Running Nengo in Matlab

Since Nengo is a Java application, it can be directly embedded within Matlab. This allows for stimuli and data analysis to be performed within Matlab, which may be more familiar to some users.

Step 1: Set up your Matlab classpath

Matlab needs to know where to find all the java files needed for running Nengo. You do this by adding the names of all the .jar files to Matlab’s classpath.txt file. You can edit this file from within Matlab by typing edit classpath.txt.

You need to add a bunch of lines to the end of this file that list all the .jar files found in your installation of Nengo and their full path. For example:

D:\MatNengo\nengo-1074\nengo-1074.jar
D:\MatNengo\nengo-1074\lib\Blas.jar
D:\MatNengo\nengo-1074\lib\colt.jar
D:\MatNengo\nengo-1074\lib\commons-collections-3.2.jar
D:\MatNengo\nengo-1074\lib\formsrt.jar
D:\MatNengo\nengo-1074\lib\iText-5.0.5.jar
D:\MatNengo\nengo-1074\lib\Jama-1.0.2.jar
D:\MatNengo\nengo-1074\lib\jcommon-1.0.0.jar
D:\MatNengo\nengo-1074\lib\jfreechart-1.0.1.jar
D:\MatNengo\nengo-1074\lib\jmatio.jar
D:\MatNengo\nengo-1074\lib\jung-1.7.6.jar
D:\MatNengo\nengo-1074\lib\jython.jar
D:\MatNengo\nengo-1074\lib\log4j-1.2.14.jar
D:\MatNengo\nengo-1074\lib\piccolo.jar
D:\MatNengo\nengo-1074\lib\piccolox.jar
D:\MatNengo\nengo-1074\lib\qdox-1.6.3.jar
D:\MatNengo\nengo-1074\lib\ssj.jar
D:\Matnengo\nengo-1074\python\jar\jbullet.jar
D:\Matnengo\nengo-1074\python\jar\jpct.jar
D:\Matnengo\nengo-1074\python\jar\vecmath.jar

This is technically all that needs to be done to run Nengo inside Matlab. Once you restart Matlab, you should be able to do:

import ca.nengo.model.impl.*;
network=NetworkImpl()
network.setName('test')

All the basic functionality of Nengo is exposed in this way.

You may also want to increase the memory available to Java. To do this, create a file called java.opts in the Matlab startup directory with the following command in it:

-Xmx1500m

This will give Java a maximum of 1500MB of memory.

Step 2: Connecting Python and Matlab

Since we’re used to creating models using the Python scripting system, we want to do the same in Matlab. To set this up, we do the following in Matlab:

import org.python.util.*;
python=PythonInterpreter();
python.exec('import sys; sys.path.append("nengo-1074/python")')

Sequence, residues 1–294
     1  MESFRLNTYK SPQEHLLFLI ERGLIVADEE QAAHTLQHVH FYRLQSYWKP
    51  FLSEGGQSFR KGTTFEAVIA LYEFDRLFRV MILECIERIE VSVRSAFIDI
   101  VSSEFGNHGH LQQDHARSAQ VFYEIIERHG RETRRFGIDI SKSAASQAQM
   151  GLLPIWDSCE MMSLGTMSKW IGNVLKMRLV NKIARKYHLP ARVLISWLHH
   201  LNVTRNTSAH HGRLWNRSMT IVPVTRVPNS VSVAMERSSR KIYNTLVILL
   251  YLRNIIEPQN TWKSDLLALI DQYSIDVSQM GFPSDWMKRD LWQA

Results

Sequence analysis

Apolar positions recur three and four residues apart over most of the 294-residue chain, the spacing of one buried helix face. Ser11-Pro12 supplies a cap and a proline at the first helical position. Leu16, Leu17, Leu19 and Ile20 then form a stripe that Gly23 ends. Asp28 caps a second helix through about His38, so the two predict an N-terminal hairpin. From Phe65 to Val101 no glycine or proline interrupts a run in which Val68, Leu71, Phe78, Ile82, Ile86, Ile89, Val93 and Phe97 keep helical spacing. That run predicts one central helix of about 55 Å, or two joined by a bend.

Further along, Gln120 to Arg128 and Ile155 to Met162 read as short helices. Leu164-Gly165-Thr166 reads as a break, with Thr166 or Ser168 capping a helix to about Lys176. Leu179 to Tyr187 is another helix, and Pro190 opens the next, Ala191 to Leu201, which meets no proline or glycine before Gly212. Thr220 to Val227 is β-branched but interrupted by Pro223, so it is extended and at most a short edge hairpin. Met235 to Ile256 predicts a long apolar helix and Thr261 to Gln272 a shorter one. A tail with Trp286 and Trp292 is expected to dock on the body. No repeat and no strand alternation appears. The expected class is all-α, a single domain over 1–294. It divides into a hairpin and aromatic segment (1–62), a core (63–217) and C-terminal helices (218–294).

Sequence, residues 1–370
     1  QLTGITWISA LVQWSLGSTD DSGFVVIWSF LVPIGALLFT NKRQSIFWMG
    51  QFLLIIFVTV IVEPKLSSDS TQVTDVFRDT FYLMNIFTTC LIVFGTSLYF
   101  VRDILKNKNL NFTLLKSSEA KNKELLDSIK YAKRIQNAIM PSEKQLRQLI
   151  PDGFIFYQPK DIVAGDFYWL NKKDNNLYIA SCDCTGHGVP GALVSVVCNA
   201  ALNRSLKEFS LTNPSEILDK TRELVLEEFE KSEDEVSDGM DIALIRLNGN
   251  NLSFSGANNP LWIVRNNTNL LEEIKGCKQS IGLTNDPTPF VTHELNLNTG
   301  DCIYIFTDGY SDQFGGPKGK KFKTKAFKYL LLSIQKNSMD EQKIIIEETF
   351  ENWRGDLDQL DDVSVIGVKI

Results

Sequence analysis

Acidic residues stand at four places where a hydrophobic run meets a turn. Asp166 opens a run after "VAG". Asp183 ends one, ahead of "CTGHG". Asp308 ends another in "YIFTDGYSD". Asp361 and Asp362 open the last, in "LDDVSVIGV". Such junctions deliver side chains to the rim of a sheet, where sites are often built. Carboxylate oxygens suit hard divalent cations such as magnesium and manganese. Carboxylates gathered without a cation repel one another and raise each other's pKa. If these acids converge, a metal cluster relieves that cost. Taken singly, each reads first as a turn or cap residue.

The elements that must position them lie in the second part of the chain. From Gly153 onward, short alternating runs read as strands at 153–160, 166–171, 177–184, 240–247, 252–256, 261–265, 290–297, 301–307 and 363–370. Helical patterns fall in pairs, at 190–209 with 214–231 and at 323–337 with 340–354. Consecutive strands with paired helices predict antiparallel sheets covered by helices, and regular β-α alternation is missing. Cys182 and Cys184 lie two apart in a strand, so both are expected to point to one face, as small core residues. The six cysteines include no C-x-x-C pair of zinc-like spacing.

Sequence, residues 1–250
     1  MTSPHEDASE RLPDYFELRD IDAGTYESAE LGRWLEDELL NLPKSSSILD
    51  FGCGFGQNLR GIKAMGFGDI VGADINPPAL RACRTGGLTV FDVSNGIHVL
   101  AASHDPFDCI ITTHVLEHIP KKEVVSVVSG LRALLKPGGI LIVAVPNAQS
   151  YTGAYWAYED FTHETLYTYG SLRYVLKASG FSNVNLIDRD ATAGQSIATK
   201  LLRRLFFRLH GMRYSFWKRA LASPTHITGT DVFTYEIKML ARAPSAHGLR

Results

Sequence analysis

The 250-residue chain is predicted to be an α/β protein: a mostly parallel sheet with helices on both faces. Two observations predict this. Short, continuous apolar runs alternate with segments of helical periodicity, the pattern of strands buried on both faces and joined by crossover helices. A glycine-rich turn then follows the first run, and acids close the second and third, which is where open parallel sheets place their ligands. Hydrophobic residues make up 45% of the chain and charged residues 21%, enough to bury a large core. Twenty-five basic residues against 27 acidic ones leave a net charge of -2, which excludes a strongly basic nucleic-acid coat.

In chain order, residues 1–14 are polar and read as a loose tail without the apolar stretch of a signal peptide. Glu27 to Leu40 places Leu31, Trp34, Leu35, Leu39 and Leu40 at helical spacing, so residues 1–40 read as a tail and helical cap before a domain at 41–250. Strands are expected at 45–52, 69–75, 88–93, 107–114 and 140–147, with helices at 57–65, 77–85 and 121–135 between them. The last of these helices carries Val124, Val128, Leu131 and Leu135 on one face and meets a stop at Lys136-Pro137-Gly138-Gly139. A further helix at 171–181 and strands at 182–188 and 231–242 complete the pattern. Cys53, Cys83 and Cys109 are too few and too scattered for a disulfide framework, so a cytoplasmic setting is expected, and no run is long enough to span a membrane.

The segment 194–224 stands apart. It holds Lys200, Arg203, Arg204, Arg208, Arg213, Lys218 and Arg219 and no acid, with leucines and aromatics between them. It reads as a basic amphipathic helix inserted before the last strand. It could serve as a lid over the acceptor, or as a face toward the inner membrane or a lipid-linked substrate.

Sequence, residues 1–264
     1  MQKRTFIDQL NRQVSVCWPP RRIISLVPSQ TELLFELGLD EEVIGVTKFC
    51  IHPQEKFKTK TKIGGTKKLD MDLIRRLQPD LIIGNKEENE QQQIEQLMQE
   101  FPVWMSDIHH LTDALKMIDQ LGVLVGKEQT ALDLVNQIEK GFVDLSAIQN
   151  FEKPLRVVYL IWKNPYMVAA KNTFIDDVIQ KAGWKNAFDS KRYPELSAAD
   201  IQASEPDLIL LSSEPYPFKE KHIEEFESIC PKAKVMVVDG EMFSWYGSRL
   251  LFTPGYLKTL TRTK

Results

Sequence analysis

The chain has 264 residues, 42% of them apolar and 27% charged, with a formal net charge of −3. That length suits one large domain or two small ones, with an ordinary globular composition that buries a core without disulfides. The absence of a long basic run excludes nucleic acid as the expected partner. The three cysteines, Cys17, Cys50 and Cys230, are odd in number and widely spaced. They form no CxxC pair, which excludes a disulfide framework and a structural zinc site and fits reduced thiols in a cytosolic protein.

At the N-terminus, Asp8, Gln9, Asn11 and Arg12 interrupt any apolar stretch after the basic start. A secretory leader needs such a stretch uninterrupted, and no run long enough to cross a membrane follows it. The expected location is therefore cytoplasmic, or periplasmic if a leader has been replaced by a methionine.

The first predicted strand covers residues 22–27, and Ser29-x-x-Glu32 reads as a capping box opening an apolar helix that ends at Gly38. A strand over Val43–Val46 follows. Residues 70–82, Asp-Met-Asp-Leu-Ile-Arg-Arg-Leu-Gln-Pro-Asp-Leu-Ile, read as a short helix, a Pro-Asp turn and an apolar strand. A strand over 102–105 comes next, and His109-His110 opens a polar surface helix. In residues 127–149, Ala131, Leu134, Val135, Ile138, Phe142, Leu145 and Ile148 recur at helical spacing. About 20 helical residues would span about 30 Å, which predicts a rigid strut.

The path specified on the last line must be your path to the python directory in your Nengo installation.

You can now run the same Python scripts that you can in the Nengo scripting system:

python.execfile('addition.py')

or, if the file is in another directory:

python.execfile('nengo\demo\addition.py')

We can also execute single python commands like this:

python.exec('net.view(play=0.5)')

Step 3: Running a simulation and gathering data

However, what we really want to do is use Matlab to run a simulation, and gather whatever data we need. Here is how we can do that.

First, we need to know how to get access to objects created in the python script. For example, if we made an ensemble called C with C=net.make('C',100,1) in the script, we can get this object in Matlab as follows:

C=javaMethod('__tojava__',python.get('C'),java.lang.Class.forName('java.lang.Object'));

Now we can get the value of its origin by something like:

C.getOrigin('X').getValues().getValues()

With this in mind, the following Matlab code runs a simulation and gathers the output from C’s X origin:

python.execfile('addition.py');

% get the ensemble 'C'
C=javaMethod('__tojava__',python.get('C'),java.lang.Class.forName('java.lang.Object'));

% run the simulation
t=0.0;
dt=0.001;
data=[];
w=waitbar(0,'Running simulation...');
while(t<1)
    waitbar(t);
    command=sprintf('net.network.simulator.run(%f,%f,%f)',t,t+dt,dt);
    python.exec(command);
    data=[data C.getOrigin('X').getValues().getValues()];
    t=t+dt;
end
close(w);